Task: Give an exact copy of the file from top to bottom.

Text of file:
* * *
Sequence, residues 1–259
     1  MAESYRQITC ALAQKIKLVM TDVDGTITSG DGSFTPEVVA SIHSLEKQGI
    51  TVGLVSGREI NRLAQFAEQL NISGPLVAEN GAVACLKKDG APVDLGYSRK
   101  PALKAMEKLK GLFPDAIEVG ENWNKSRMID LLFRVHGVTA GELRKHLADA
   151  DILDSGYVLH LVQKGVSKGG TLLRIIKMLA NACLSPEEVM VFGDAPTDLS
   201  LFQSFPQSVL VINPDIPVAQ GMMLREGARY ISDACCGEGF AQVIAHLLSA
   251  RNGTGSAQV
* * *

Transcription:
Sequence, residues 1–259
     1  MAESYRQITC ALAQKIKLVM TDVDGTITSG DGSFTPEVVA SIHSLEKQGI
    51  TVGLVSGREI NRLAQFAEQL NISGPLVAEN GAVACLKKDG APVDLGYSRK
   101  PALKAMEKLK GLFPDAIEVG ENWNKSRMID LLFRVHGVTA GELRKHLADA
   151  DILDSGYVLH LVQKGVSKGG TLLRIIKMLA NACLSPEEVM VFGDAPTDLS
   201  LFQSFPQSVL VINPDIPVAQ GMMLREGARY ISDACCGEGF AQVIAHLLSA
   251  RNGTGSAQV